2. I feel super encouraged to try projects I was scared to do now!!

  3. Constance Colvin says:

    Great post Serena! I especially loved the section about MEASURING………very helpful to me! Thanks {-:

  4. This is the first time I have ever left a comment for anyone and I have been subscribed to your site for over a year.
    This post is incredibly honest. I felt like you were reading my mind. That’s what I love about Thrift Diving! Thank you. Your honesty inspires me to consider doing things that I have never done before.

    1. Awww…so glad you decided to comment, Charlene! I believe you’ve made my night. šŸ™‚ Yep, DIY is wrought with fears, and even after doing it for several years, I still have the same fears as you, along with “oops!” along the way, such as my pantry that I am trying to pull together tonight! Keep going and don’t let mistakes slow you down! They’re the best teachers. šŸ™‚ Thanks for commenting. I really do appreciate it and love when people like you are inspired enough to leave a comment! It means a lot!

  5. Hi Serena, you certainly hit my fear. I always say that if I knew how to use power tools, I would be a bad woman. That is my only fear I believe.

    1. Girl, yes! You definitely need to learn how to use power tools! Especially since you love DIY and do it for your blog. I think tools are a natural progression when you love being creative around the home. You start with painting furniture and then it progresses and you start doing some other things that require building and making from scratch or repurposing. Did you catch my jigsaw tutorial?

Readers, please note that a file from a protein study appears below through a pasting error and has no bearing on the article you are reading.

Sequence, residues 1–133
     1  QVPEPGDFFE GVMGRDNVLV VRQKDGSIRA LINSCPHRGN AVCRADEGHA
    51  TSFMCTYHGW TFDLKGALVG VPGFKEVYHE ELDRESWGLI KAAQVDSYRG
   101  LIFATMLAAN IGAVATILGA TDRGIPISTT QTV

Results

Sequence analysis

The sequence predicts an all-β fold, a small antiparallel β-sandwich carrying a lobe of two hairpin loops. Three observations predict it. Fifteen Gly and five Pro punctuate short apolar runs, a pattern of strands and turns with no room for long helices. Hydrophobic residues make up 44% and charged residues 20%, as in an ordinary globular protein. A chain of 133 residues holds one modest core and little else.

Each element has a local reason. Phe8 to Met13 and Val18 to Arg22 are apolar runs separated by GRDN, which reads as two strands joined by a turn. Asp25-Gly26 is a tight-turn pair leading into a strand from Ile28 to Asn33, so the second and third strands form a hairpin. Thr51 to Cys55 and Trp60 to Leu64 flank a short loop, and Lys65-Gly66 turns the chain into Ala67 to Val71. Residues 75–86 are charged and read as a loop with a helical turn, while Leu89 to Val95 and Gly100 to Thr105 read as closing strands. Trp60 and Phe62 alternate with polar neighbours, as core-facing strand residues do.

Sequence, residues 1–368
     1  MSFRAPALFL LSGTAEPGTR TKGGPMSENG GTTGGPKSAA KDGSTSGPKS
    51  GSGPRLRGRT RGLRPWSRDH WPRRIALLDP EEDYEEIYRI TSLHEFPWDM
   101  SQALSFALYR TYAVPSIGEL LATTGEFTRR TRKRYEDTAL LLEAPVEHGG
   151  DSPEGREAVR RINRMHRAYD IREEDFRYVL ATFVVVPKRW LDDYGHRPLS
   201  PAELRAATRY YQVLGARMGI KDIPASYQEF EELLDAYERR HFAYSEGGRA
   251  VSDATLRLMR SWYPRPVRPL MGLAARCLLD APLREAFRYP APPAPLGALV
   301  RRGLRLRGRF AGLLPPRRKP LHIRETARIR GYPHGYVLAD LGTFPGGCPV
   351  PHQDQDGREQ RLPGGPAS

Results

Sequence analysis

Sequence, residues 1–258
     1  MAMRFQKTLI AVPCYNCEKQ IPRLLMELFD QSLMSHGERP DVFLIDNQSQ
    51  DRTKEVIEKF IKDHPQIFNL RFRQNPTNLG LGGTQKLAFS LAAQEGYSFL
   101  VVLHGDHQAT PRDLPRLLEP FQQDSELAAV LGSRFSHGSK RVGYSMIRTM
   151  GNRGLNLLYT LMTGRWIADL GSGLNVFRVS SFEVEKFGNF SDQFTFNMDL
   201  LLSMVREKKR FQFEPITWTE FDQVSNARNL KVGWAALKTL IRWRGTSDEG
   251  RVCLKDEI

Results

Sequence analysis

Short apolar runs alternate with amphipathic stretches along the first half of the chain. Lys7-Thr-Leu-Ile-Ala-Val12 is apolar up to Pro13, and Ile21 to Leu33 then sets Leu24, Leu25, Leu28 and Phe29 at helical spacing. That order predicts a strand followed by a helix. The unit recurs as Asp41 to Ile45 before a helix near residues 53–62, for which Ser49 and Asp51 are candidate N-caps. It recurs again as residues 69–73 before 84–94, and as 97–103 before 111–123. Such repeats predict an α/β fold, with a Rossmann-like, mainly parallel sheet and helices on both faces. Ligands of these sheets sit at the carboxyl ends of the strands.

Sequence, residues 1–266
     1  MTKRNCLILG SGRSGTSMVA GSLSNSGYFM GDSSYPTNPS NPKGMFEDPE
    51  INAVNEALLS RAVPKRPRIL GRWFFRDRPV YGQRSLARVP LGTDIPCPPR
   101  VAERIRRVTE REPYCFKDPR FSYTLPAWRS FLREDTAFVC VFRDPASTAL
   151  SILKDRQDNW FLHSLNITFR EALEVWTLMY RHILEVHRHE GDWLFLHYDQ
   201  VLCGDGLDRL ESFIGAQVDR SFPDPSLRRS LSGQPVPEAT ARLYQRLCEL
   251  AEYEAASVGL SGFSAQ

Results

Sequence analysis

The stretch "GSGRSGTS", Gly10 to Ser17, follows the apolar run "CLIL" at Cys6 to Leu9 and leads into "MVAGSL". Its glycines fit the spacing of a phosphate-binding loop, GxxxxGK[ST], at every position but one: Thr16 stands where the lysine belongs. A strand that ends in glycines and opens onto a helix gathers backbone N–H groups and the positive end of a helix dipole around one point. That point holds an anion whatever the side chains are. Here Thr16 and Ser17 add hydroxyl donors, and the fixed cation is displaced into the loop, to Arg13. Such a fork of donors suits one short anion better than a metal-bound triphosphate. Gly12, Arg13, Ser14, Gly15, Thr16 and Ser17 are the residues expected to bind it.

6. Connie Shearing says:

    Great post. So relevant to what I’ve been going through with my current projects (making cutting boards and learning how to engrave with a Dremmel Micro). You’ve given such practical advice once again to encourage me in my DIY discovery adventure. Thank you!

    1. Ooh, cutting boards! Funny you should mention this because I want to make one too! I haven’t looked at any tutorials yet on how to do it. Is it easy? We use this old nasty plastic one and I want a nice wooden one. Please do share what you know, mistakes to avoid and all, Connie! Glad you liked the post! šŸ™‚

  7. Serena, great article with excellent tips! Boiled down, it comes to this: 1) do your homework-prepare, i.e., read up on the subject, watch You Tubes, talk to any experts you can, especially about your fears; 2) plan out your project – list the steps you’ll go through and the materials you’ll need and decide on your budget; 3) then, and this is almost the most important step, just do it! You are so right. It’s practice that makes perfect. And I love your suggestion about keeping a record of the projects we do with notes about mistakes and things we learned. So simple, so helpful, but so often overlooked!